Syria: Opthamologist’s Snipers Shoot 7 Year Old Girl Through Eye

Via Michael Weiss in the Telegraph.

Read the piece, but really, don’t watch the video. I wish I hadn’t.


Apologies – forgot to add this:

I want to be very clear. I was clear in July, and what I said in July has followed me all over the world by the American and Israeli propaganda machine, so I want to be very clear again. All dignified people in the world, whether Arabs or Muslims or others with dignity, are very proud of the speech made by President Bashar Al-Assad a few days ago here in Damascus.

For me he is the last Arab ruler, and Syria is the last Arab country. It is the fortress of the remaining dignity of the Arabs, and that’s why I’m proud to be here and addressing you this evening.
The reason why Syria is being threatened is not because of anything bad which she did, but because of the good which she is doing.
So I say to you, citizens of the last Arab country, this is a time for courage, for unity, for wisdom, for determination, to face these enemies with the dignity your president has shown, and I believe, God willing, we will prevail and triumph, fwa-salam aleikum.

–George Galloway at Damascus University, November 2005

And this:

Syria is the shoe which didn’t drop. And I have a theory for that. The Syrian regime is authoritarian, no doubt, freedoms personal and political, are, of course, scant, it is a one party state, and the father in this case successfully handed over power to the son. So on one level it is a candidate [for an uprising]. And yet it has not. And what is the reason for that? Well, here is my theory: the government of Syria for a long time has pursued a policy of Arab-ness. Of Arab nationalism, of Arab dignity, of support for the Palestinian cause, material support, material support for the resistance, rejection for the foreign occupation of Iraq. And a refusal to bow before the foreign powers. This is the perception, and it is largely the reality, though the perception is greater than the reality. And I think that has somehow inoculated the Bashar Al Assad regime from the kind of events we are seeing elsewhere. Of course Syria is not the richest place, and there are extreme divisions between the very rich and very poor, but most people support the government because of its stand on Arab issues and the West. They think that Bashar is heir to a tradition of which they are quite proud.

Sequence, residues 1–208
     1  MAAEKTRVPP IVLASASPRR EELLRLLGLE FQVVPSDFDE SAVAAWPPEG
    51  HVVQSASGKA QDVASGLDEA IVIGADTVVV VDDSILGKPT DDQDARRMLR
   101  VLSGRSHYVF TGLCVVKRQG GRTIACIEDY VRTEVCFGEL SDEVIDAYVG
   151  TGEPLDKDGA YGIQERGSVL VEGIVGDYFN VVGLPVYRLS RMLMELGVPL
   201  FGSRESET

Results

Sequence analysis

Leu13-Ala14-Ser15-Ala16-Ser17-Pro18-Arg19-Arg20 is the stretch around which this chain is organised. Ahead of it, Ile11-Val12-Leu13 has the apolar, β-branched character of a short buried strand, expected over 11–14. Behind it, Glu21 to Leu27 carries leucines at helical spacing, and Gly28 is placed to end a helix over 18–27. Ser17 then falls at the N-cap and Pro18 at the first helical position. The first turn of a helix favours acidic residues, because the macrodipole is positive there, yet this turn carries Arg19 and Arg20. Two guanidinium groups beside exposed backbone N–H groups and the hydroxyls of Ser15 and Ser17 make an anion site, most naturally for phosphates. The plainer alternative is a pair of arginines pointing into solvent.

These may be famous last words, but that is my take on it.

– George Galloway, 6 March 2011

Alec Macph adds: Alan appears to have overlooked the one from the female former MP who does not look like she is made-out of monkey scrotums.

From south Lebanon, we went to Syria to meet the President, Foreign Minister, other Ministers and parliamentarians, the British ambassador and many others. The President lived for a long time in the UK. He is a charming and open man who, for a long time, was not going to be President and therefore took on the style of an ordinary western citizen. He is very popular in his country because he does not have a grandiose or fine-living style. He is keen to deliver significant reform in Syria, to open up the country and to improve the economic opportunities of the people, but he made it clear that the situation in the region made that difficult. Shortly after he took over, there was what has been called a “Damascus spring”—a sort of opening up. It is difficult to continue such reforms when there is such bitter division all around and organised extreme Islamist groups in the region.

The President stressed that the Syrian regime is secular and takes a tough line against Islamist insurgents, but that it was keen to work with others to help to stabilise the situation in Iraq. He deeply regretted the fact that the UK did not have, as he put it, an independent foreign policy. He said that, before Sir Nigel Sheinwald visited Syria for talks on behalf of our Prime Minister, he had been to Washington and that his view was that the UK could play a much more useful role if it had an independent policy, but sadly it did not and it continued to be a complete echo of US foreign policy.

Alan A responds:

The trip to Syria that Claire Short went on, was “organised by Mr. Nadhmi Auchi, the president of the Anglo Arab Organisation

Wikipedia gives the following information about Mr Auchi:

In 2003, Auchi was convicted of fraud following his involvement in a €350m corruption scandal centred around the French oil company Elf Aquitaine, described as “the biggest political and corporate sleaze scandal to hit a western democracy since the second world war”

It is, however, rather difficult to say more about Mr Auchi. That is because, despite having to pay a huge fine, Mr Auchi is an immensely wealthy man who has hired libel solicitors, Carter Ruck to hound anybody who says anything at all about him:

The New Statesman has removed a post from the blog of political editor Martin Bright after a threat of legal action from Iraqi billionaire Nadhmi Auchi.

The controversial businessman raised objections to links in the article to material hosted by Internet whistleblower site Wikileaks, as well as to statements made by Bright in his blog post.

As well as requesting the removal of the blog, Auchi’s solicitors Carter Ruck are demanding an apology in open court and damages.

Oh fuck it. Auchi is a shifty crook.

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